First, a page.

Obesity shortens colon cancer survival11th April 2014
The study included more than 6,700 colon cancer patients. They all calculated their body mass index (BMI) based on self-reports, two years before diagnosis. The patients were followed for an average of five years.
BMI is a measurement of body fat based on weight and height. A BMI of 30 or more is considered obese.
A higher BMI before diagnosis was associated with increased risk of death from colon cancer and all other causes. The association does not prove a cause-and-effect relationship.
It was found that, for every 5-point increase in BMI, there was a seven percent higher risk of death from colon cancer and ten-percent higher risk of death from all causes.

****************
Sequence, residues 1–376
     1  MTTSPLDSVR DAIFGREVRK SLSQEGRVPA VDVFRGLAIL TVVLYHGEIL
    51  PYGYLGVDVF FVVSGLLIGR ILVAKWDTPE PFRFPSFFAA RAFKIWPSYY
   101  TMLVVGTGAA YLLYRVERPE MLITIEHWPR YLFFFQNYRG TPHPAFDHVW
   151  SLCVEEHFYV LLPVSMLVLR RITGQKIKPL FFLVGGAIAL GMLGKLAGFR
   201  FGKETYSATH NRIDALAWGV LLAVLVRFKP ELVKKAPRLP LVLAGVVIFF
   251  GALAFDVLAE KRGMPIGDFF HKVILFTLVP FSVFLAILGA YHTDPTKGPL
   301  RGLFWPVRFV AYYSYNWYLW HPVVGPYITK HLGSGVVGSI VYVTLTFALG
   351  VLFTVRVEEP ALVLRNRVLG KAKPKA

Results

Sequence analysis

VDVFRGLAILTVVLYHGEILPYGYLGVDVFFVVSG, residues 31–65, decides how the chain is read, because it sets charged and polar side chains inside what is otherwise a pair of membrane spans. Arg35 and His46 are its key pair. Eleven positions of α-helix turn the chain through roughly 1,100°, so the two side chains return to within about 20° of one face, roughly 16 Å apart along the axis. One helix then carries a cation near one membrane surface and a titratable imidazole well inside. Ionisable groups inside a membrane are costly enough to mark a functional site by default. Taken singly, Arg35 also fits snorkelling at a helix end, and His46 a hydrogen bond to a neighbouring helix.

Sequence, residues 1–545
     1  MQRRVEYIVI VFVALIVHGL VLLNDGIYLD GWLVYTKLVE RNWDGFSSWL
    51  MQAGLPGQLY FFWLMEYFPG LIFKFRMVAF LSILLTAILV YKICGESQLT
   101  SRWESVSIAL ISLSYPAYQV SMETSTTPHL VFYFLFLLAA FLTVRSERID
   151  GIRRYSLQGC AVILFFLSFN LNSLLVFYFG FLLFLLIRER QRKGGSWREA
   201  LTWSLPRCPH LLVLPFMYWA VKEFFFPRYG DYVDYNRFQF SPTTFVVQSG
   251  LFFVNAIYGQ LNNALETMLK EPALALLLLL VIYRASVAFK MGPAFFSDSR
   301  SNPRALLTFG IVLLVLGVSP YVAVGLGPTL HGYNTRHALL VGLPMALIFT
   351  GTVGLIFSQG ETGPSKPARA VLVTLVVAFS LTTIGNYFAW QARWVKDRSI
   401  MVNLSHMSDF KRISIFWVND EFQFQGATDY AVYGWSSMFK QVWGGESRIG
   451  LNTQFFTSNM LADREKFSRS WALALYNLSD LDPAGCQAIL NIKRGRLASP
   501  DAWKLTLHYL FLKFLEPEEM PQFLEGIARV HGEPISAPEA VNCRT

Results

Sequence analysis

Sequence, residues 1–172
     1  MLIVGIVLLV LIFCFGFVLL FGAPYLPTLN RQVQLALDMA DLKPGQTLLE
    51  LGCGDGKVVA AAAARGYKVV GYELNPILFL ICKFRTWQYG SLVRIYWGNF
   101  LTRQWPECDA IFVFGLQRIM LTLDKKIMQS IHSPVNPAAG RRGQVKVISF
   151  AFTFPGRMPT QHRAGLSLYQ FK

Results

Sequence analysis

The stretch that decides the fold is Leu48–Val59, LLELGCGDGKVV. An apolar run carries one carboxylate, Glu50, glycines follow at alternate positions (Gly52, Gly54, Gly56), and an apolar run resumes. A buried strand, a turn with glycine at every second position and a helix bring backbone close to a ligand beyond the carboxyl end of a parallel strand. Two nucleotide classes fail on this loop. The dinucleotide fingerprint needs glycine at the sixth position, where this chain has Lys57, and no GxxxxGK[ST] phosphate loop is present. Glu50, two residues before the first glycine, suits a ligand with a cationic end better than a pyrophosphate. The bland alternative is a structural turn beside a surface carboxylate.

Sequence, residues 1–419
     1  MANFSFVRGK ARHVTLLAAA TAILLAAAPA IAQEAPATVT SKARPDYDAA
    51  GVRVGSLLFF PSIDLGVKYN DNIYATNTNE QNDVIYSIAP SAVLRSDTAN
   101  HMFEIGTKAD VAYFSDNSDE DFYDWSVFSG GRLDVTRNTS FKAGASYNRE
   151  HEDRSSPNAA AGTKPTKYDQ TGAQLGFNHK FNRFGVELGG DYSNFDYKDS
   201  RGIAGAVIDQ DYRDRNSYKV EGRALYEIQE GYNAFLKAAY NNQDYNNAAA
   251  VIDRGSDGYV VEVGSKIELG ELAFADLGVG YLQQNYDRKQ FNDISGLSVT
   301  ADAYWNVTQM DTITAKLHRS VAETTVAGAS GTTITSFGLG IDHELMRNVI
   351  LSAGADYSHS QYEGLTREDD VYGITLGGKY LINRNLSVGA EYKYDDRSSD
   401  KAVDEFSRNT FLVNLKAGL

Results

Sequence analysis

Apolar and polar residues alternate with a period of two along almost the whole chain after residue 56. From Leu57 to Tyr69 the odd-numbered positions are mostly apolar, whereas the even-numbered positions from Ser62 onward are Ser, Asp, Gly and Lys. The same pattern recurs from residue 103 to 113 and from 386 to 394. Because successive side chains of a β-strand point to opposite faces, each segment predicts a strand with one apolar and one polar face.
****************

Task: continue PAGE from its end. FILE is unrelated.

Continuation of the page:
The study was scheduled for presentation at the annual meeting of the American Association for Cancer Research in San Diego.
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Title: Obesity shortens colon cancer survival
Author: Dan Boyle
Article Id: 25392
Date Added: 11th Apr 2014